With Google shutting down Google+, I thought it was important to convert some Google+ posts to posts on this blog. Below is a post from January 27, 2016 that was originally at https://plus.google.com/105581925654470076312/posts/W5diqtKjTFd.
Here is another post in the series on the NMAA's exclusion of homeschool teams from competition within the state of New Mexico--something that the Jemez Mountain Homeschool Speech and Debate Team is being heavily affected by right now (See related posts such as Original Google+ post or the local version).
As noted in my earlier posts, it is hard to understand the motivation for the NMAA's change of rules to ban homeschool teams from participating in New Mexico school competitions. It is possible that:
- they truly believe that the law does not permit homeschool teams (though, they seemed to work hard for the new interpretation);
- they do not like the competition (hence the "sour grapes" article by the Albuquerque Journal, http://www.abqjournal.com/680974/living/new-nmaa-homeschool-rule-reeks-of-sour-grapes.html );
- they are trying to funnel homeschool students through the public schools because of the additional funding provided to the public schools due to state law; or
- they are afraid of abuse of homeschool teams to get around public school eligibility requirements.
I am sure there are other possibilities as well. While the real motivation is likely a combination of these factors, I suspect that concerns about the money and skirting the eligibility requirements are probably the two largest issues.
When I say "skirting eligibility requirements" (Item #4 above), what I mean is the practice of dropping out of public school and becoming "homeschooled" so that an athlete would be eligible again for athletics with the local public school team. In fact, if you look at the NMAA eligibility rules, a fair amount of time is spent on defining the lack of eligibility for students that transfer between schools and other situations--I guess recruiting students for public school athletics must have been abused at some time in the state. In any case, this concern can certainly be managed.
According to http://www.abqjournal.com/news/yes/158157yes03-30-04.htm , the NMAA at one time allowed homeschoolers to band together and register as a group to participate in NMAA-sanctioned activities. They stopped doing that sometime before 2004, when the article was writtne. If the NMAA was worried about some of the administrative costs or how to manage participation, maybe opening up membership to the NMAA as an organized homeschool association might make some sense.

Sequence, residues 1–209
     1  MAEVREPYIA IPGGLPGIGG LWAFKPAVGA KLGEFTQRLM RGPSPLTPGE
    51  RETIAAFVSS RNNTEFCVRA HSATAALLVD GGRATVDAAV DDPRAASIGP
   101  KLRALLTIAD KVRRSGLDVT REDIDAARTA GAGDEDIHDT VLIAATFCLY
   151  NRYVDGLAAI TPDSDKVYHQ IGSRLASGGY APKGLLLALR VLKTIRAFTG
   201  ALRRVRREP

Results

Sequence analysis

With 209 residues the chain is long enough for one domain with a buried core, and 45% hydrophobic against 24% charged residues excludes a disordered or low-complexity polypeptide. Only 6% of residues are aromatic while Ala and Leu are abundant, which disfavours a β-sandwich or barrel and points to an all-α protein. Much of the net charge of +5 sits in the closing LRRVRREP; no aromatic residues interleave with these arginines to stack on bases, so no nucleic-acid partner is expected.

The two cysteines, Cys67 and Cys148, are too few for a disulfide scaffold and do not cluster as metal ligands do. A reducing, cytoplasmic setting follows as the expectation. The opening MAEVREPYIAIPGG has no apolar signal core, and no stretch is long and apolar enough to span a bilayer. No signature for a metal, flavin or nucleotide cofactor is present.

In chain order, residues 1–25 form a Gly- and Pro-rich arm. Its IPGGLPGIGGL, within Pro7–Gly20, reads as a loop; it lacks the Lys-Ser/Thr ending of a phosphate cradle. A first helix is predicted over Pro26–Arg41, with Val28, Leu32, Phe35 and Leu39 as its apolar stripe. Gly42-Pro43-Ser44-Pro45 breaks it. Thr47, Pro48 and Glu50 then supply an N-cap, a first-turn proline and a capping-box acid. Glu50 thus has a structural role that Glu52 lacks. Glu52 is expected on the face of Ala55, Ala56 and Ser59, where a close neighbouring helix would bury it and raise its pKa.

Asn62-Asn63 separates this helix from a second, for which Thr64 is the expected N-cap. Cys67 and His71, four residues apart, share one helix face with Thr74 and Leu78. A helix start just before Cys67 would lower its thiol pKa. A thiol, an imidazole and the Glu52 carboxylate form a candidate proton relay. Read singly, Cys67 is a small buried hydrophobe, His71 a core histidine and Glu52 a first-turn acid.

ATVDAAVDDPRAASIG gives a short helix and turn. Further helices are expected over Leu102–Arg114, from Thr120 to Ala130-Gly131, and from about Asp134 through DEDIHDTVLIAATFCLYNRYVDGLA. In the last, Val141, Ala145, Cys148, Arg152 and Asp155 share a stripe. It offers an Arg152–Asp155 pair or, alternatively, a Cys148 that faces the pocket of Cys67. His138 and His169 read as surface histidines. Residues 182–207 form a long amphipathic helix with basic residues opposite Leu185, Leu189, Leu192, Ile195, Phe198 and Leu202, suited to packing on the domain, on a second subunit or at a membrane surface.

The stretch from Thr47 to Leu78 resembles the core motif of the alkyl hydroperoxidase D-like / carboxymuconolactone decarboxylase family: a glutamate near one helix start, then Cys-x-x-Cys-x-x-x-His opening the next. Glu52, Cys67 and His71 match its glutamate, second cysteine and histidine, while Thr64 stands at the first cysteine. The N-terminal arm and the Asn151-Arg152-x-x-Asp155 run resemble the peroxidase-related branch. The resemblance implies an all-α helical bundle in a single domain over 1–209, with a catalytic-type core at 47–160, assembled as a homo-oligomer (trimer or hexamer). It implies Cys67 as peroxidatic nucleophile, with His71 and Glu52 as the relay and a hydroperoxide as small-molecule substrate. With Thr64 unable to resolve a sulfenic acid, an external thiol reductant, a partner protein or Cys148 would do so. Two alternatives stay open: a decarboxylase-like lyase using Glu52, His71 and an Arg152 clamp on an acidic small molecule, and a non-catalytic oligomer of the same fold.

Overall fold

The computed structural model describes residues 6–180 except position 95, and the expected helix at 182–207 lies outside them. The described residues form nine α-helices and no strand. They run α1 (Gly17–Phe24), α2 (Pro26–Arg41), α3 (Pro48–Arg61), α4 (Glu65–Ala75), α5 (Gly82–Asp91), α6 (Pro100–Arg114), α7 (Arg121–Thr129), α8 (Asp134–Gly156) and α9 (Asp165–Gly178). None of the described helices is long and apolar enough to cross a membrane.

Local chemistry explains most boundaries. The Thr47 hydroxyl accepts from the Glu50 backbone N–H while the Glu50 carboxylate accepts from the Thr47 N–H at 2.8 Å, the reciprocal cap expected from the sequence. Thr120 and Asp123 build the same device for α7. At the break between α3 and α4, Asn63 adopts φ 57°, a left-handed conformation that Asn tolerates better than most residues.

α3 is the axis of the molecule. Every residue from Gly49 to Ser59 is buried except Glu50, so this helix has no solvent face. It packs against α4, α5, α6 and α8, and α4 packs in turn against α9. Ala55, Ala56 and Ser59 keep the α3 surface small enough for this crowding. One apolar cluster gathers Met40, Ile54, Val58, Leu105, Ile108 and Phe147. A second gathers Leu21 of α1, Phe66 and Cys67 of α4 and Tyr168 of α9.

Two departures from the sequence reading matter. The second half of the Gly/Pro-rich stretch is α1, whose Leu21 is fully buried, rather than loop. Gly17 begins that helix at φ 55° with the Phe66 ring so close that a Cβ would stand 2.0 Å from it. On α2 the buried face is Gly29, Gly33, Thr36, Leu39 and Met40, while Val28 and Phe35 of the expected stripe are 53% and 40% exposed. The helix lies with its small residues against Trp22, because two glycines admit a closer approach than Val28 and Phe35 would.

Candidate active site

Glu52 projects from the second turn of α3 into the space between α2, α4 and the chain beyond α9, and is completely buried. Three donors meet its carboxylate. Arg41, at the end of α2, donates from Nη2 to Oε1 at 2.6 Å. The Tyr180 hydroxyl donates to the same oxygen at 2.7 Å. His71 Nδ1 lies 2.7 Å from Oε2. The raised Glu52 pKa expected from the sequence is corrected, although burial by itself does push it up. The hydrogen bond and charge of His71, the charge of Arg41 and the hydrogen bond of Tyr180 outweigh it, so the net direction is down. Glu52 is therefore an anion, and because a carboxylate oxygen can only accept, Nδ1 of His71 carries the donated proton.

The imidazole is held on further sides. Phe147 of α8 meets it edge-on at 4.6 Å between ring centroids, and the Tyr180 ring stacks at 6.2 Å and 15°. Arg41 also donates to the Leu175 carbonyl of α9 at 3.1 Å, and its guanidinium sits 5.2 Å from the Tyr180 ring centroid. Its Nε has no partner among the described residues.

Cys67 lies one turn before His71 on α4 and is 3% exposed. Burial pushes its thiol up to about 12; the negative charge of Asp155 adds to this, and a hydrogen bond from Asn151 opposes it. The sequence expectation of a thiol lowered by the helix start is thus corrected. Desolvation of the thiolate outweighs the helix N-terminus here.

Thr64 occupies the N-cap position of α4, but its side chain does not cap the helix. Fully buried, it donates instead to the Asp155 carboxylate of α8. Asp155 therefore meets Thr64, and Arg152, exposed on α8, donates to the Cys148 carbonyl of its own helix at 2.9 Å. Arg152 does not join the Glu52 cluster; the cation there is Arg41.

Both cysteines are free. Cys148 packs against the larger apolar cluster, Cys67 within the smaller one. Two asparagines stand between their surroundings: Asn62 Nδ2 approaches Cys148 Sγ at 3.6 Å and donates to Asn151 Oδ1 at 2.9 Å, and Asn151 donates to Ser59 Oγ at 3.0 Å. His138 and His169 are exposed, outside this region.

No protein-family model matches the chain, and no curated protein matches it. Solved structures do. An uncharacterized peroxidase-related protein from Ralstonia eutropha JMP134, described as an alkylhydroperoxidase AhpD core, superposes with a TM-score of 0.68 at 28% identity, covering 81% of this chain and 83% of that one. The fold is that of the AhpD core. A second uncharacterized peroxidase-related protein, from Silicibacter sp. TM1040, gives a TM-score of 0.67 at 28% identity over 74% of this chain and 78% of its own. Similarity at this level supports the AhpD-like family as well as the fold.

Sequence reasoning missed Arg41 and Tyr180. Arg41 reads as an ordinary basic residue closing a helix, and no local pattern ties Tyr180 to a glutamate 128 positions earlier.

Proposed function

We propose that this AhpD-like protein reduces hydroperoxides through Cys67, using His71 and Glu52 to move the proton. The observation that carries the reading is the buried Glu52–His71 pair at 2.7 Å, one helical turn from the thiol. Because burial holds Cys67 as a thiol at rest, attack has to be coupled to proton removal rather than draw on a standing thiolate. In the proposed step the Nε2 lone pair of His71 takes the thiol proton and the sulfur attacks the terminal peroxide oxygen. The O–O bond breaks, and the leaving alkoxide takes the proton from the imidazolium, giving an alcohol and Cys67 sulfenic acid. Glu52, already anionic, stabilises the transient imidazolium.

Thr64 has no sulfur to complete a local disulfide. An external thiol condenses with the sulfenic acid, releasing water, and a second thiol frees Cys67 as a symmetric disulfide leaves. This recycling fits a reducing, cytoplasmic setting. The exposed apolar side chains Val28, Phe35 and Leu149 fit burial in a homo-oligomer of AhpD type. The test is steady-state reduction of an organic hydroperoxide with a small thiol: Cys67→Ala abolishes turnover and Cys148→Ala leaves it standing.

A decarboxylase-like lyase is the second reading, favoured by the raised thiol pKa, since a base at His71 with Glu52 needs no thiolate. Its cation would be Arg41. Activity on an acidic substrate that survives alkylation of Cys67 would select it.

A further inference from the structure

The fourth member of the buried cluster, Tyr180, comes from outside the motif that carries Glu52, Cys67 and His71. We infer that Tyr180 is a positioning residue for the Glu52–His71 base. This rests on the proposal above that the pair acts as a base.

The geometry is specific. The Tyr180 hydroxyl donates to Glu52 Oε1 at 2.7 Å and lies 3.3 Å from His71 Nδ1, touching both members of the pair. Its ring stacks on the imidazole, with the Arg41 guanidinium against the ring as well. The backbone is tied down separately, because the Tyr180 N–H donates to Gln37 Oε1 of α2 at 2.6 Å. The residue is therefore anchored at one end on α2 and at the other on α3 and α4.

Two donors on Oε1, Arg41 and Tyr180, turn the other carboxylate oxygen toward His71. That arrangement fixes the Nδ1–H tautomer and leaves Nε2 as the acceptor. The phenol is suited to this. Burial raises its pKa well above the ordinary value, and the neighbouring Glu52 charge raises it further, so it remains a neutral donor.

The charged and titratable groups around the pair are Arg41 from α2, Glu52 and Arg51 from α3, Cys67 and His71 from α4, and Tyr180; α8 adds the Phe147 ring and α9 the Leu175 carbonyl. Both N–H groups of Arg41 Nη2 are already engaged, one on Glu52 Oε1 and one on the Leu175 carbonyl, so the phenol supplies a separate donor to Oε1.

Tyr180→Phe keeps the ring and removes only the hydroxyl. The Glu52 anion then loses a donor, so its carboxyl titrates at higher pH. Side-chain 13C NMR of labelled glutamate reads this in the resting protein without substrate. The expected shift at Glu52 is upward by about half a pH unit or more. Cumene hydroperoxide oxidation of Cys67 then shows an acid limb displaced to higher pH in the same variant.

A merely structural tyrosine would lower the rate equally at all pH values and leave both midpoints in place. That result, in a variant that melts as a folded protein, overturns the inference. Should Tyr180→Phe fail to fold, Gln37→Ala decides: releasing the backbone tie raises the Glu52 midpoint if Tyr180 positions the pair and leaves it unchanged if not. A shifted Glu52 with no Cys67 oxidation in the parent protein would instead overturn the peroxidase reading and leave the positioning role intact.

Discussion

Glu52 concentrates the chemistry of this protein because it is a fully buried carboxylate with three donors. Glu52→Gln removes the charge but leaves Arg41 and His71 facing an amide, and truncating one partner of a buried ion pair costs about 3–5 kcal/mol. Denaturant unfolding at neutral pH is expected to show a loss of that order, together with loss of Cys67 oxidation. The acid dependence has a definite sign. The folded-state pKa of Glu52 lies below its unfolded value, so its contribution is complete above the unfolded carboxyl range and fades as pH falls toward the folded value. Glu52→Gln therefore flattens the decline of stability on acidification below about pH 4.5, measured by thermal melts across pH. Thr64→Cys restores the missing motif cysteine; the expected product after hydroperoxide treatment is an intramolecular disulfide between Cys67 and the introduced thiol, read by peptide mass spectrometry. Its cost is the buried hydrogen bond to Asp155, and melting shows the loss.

Of course, NMAA membership fees and related requirements for homeschool teams or associations could not be overly burdensome, if this were to be the approach the NMAA pursued. Otherwise, the situation would be no better than it is today other than the fact that participation would be "theoretically possible".
Now and in the future, the main impact of the NMAA rules changes regarding homeschool teams is that there will be fewer participants in NMAA-sanctioned school competitions (not more) since many homeschool families are unlikely to actually go through the bureaucracy to get their children onto public school teams. They are already not enrolling their children in public schools for some reason or another, so it is unreasonable to expect that a majority of homeschool families will enroll them in public schools for athletic or academic competitions. Additionally, there are cases where the local schools do not actually have competitive teams for some events, so participating with the public schools does not actually increase participation for those cases nor would there be a motivation for the homeschool students to participate with the local public school if no program already existed.
I am quite certain that less participation in academic and other competitions does not serve the public at all. Having students participate gives them experiences that can help prepare them for the rest of the challenges in life, helps them learn about hard work, helps them learn about their own abilities, and many other things.
On the positive side, allowing homeschool teams to participate has the following benefits (among others):
- primarily it provides more participation in the activities, especially, when the local schools do not have such a program;
- brings additional funds into competitions where the are registration fees (again, more participants);
- the funding for the homeschool teams is coming out of private sources so state funds are not required to support them; and
- it reduces the burden on already over-worked teaching staff in the public schools.
Again, the benefits of having homeschool teams participate in competitions seem to outweigh the potential downsides that I see. So, why the ban, NMAA?